Published on 12, July, 2020
I was wondering, if we could somehow as a group, contrive to write a book for people who hear one of the two the A words for the first time, at an inconvenient time in their lives.
I thought perhaps we could precede it with a kind of "differential diagnosis" process over a few months, so as we come up with a tome that suits all emerging Autists.
But the effort would need some structuring and require some leadership, and possibly even access to different parts of the software that drives this forum or certainly a greater understanding of how better we can use it as a collaborative tool. It's beyond me as a solo effort, and I suspect many of us.
I think if we got it into the hands of the NHS, so that on the way home from your diagnosis, you could be reassured that there is a better future waiting for you, and be shown some practcial steps to get going in the right direction it would make the news a bit easier to take for some of us. We could include a section on metal ju-jitsu too, for when the normies do that thing they do...
I'll bet with a well written "go-fund me", we could easily cover physical printing and worldwide distribution costs.
ISperg, it's a good idea.
Well before I sign up, as it were, to the effort can you confirm a few things for me?
we know who it would be for, people recently diagnosed with autism. But what would it be for? What information are we hoping to convey and to what end?
some of these Id be more enthusiastic about than others.
as for physical copies is that really needed? In this day and age for small runs electronic publishing is often cheaper and easier for people to access.
Thank you for your input. I think you might have defined 3 of the chapters there!
I'd personally rather have been given a physical book alongside my diagosis, than a few urls. Maybe my self interest crept into that part, as it often does...
Some good points, Peter.
Self-publishing is relatively easy these days. https://kdp.amazon.com/en_US/I am sure there are other members with more experience of professional writing than me. I write for pleasure mainly. I have had some training and do write the odd sketch or two for professional performers. The first choices I make when approaching a new piece is to first identify the scope, the tangible and measurable goal(s) of the piece. What am I aiming to get across?Example 1: To give comfort and support to newly diagnosed adults by helping them navigate the national health serviceExample 2: To provide real-world examples of autistic traits and how they impact adults (or children).Example 3: To offer practical advice for autistic adults on [insert topic area here]Next, I would then start to think about its target audience. Part of this is already implied in the goal of the book [autistic adults, for example] but, it's a good idea to dig down deeper and a specific age: Teenagers? Millennials? Ages 20-50? Over 60's? You might also want to consider the culture, ability of the audience you wanted to reach (and whether the audience needed to be also extended to be used by medical practitioners). With the goal(s) and the audience clearly identified, you can then decide upon the best narrator, and the best narrative voice(s) to use.
First person Third person ImpersonalThird Person Personal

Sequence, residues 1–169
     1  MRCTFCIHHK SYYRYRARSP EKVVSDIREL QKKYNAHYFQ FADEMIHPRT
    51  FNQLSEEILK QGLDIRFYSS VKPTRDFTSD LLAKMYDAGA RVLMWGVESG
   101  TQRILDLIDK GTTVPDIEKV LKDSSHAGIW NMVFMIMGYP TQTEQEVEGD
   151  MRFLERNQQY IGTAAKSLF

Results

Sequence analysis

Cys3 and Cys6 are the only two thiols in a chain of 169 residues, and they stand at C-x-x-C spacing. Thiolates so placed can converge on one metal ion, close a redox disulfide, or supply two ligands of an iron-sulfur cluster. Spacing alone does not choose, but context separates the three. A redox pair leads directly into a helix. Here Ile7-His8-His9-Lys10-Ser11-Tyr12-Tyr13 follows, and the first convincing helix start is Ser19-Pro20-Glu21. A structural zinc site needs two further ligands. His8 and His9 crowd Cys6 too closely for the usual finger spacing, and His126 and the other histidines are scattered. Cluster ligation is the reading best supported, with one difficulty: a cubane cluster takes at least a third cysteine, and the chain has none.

Narrative Voice(s):(the choice is endless, but some examples might be)
Example 1: collection of personal anecdotes from real people linked together by a reliable, authentic autistic narratorExample 2: an authoritative narrator involved in the medical professionExample 3: a benevolent narrator with an overarching view of autismExample 4: (for younger audiences, a popular narrator is) a fictional character —autistic or non-autistic— recounting fictional events in his life that are universally relatable)I hope this make sense. I'm a bit distracted with tradespeople today!
I might be biased here
But I think there is likely a growing need for information aimed at the 45-55 +/- 5yrs range.
There seems to be a lot of people getting diagnosed in this age range, especially people who have never considered that they might actually have a condition in the first place.
I know a few people who have known their diagnosis since teens or mid twenties, and they have different tools and coping mechanisms to help them. Whether that is a positive or negative, I don't know.
I think a lot of older people with late diagnosis have a lot more stuff to unravel, but some might also handle the diagnosis better.
Similarly, although many people already have access to support networks, or are familiar with counselling/therapies due to other health and mental health conditions, people like me are coming into this cold.
Somehow, I have completely bypassed all of this. Whether I never had any issues, or nobody noticed, I don't know. But I definitely battled along on my own, without even considering if I had a condition or if there was any support available. I'm sure I'm not the only one.
I've read online books written by autistics describing how NTs behave and how to fit into their world. I have found these books very useful.
A good book was written by Marc Segar, unfortunately the link to it doesn't work anymore.
A SURVIVAL GUIDE FOR PEOPLE WITH ASPERGER SYNDROME
Is the book.
I’d be happy to make contributions on point 2 since legal protections for autistic people has been something of a focus recently
GOOD MAN!! Printing that off now. Looks mighty handy after a quick scan.
He might even have done the book already! Glad I started this thread.